they use silicon bronze to join the tubes, then shot peen the bike for stress relief. supposed to be 3 times stronger than brazing with brass.
i'm still waiting on prices. as i get down to the actual process of purchasing, it's getting farther and farther away from the original quote. much farther, in fact. i ain't too happy about it.
hay i live in staton and am looking to buy a grubee 2010 motor kit !! i am new to this and not to good on a laptop eather so any help would be apperated !
this bike's done.
really simple build, nothing fancy.
i kept the tank simple as well, except for the fancy filler neck metalwork. i'm making a "bairdco" copper insert for the center of the cap.
it's only 2.5" wide, but with all that room in the frame it holds a little over a gallon, so it won't run outta gas anytime soon.
it has a Sturmey Archer X-FDD 70mm drum brake/dynohub on the front, and the little bullet taillight and the front rocketship light are both wired into it.
the wiring's hidden as much as possible. it's epoxied into the backside of the fender struts and under the fender, then runs under the tank, so the only part you see is at the back fender stay and at the headtube.(picture 3 shows the fender strut.)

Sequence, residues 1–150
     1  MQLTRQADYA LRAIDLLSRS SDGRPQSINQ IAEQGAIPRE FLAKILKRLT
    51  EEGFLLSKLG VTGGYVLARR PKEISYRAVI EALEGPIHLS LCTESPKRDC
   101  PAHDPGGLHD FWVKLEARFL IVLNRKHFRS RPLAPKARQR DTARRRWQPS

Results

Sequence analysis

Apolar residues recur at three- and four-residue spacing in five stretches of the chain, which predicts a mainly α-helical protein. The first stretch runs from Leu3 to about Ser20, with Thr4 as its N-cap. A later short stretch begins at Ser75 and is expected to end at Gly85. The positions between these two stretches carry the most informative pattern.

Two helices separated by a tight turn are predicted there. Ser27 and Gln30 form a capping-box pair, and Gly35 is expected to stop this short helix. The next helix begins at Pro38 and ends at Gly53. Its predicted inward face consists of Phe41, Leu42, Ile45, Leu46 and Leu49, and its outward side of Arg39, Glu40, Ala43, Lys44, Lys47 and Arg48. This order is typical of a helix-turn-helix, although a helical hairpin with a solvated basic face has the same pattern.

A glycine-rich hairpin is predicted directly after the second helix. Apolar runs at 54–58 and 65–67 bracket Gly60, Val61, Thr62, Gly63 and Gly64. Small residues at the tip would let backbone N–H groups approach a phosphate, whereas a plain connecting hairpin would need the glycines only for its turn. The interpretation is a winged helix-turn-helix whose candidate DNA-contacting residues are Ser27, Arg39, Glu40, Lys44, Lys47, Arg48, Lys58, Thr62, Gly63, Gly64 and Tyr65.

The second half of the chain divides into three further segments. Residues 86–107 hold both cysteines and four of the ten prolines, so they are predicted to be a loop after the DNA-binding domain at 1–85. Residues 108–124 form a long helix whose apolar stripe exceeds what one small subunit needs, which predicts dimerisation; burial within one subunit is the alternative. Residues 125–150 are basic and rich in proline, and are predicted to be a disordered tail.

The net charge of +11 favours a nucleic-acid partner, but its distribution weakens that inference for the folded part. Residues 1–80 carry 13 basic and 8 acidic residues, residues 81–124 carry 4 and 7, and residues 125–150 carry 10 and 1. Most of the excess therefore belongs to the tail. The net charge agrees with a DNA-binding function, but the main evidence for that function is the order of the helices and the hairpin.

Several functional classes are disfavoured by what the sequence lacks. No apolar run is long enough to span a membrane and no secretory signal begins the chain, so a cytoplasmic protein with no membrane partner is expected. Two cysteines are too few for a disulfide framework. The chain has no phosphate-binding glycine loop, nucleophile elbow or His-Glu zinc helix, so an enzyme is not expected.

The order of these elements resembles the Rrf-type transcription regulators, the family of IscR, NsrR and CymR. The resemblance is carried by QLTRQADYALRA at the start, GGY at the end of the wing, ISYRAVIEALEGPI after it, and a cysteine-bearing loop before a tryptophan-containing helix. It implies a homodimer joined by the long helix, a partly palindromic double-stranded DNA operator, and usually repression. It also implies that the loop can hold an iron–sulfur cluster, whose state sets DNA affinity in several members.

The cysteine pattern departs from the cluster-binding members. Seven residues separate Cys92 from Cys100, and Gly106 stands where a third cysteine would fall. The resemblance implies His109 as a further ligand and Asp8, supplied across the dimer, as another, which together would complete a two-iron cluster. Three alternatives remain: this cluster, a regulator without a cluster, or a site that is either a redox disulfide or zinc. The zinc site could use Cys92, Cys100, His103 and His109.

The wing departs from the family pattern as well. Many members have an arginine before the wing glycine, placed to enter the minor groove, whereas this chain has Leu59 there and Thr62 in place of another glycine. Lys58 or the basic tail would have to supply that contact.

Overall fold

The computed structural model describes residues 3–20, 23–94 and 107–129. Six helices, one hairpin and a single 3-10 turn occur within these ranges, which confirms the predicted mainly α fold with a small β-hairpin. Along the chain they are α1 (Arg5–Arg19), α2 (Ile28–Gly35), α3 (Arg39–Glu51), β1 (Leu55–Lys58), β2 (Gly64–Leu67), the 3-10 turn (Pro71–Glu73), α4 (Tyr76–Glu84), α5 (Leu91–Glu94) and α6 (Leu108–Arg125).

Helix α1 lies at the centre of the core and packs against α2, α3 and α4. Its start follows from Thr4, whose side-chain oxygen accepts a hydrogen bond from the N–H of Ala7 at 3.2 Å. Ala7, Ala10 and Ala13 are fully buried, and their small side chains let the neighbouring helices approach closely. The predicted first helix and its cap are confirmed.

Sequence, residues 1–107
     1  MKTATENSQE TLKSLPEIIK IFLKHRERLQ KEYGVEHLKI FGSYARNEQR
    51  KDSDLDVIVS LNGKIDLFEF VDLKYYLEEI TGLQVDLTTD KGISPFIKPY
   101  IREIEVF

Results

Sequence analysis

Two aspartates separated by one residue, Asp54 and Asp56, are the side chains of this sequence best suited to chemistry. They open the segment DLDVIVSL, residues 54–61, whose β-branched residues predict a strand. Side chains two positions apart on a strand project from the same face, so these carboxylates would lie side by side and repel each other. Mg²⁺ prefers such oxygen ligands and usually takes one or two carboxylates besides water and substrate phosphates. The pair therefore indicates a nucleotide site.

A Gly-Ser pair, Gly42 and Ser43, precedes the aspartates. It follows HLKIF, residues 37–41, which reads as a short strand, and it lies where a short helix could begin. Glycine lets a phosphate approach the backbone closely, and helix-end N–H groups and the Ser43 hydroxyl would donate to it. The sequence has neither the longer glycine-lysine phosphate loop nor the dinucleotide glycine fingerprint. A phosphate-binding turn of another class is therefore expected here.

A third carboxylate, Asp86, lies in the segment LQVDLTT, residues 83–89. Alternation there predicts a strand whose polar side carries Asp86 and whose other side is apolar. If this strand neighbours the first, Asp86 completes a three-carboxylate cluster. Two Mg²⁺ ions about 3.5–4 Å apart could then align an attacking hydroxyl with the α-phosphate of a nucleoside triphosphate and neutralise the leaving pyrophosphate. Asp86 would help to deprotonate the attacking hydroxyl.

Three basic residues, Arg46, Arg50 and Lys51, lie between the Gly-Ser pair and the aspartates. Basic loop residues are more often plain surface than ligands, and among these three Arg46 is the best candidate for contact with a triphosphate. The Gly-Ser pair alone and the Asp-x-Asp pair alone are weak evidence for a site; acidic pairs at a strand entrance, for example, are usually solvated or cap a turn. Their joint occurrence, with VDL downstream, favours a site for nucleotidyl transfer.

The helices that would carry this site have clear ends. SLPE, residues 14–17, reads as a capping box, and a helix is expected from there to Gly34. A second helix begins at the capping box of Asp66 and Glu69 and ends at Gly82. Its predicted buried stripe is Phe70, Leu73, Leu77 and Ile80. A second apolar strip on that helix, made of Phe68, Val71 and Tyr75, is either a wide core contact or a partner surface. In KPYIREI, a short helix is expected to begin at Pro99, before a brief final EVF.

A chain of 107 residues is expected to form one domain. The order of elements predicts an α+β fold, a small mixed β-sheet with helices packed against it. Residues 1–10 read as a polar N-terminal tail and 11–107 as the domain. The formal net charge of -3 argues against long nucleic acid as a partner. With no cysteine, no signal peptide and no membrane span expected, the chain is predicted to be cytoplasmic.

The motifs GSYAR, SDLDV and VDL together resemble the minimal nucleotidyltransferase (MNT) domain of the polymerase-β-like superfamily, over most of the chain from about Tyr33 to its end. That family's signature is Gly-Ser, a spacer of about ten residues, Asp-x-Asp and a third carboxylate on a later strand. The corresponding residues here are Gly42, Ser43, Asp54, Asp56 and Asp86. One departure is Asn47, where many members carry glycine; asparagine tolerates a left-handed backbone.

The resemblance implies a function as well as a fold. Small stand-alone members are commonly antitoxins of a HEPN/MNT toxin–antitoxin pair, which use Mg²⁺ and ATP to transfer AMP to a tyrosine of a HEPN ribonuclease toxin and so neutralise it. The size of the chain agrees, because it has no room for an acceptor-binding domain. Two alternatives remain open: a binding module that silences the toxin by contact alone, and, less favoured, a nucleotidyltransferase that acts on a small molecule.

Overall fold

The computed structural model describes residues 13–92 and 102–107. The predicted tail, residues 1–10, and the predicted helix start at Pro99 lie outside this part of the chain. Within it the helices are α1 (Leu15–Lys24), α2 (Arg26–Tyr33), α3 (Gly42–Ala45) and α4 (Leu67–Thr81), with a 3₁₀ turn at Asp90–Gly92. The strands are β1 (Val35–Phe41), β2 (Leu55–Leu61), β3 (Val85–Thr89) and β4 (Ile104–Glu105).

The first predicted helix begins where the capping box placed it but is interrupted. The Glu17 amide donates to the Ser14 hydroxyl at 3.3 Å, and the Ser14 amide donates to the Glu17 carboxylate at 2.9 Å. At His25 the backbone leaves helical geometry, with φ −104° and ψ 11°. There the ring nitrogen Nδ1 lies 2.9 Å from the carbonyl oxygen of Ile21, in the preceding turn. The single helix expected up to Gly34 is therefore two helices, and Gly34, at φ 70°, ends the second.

it also has personalized tires for my buddy randy, who owns it.
as far as this being the "bairdco prototype," it's actually a Western Flyer re-pop, made by Aero-fast/Emory. it's the same frame as their standard cruisers.
and the bad news is the original price i was quoted went up 400% when i was ready to buy, so i doubt i'll be having any more dealings with this company.
that's all i want to say about that.
there's some good, potentially great, news on the horizon for bairdco industries, but i ain't sayin' a thing about it until it's a reality.
Nice build.... You should make some fenders out of copper the chrome is taking away from that very nice hand made tank.
Looks very nice. I notice you're using the rag joint and stock sprocket. I assume you have found that to be dependable for you.
I'm starting to think I may try that on my freinds bike just to see how well it works.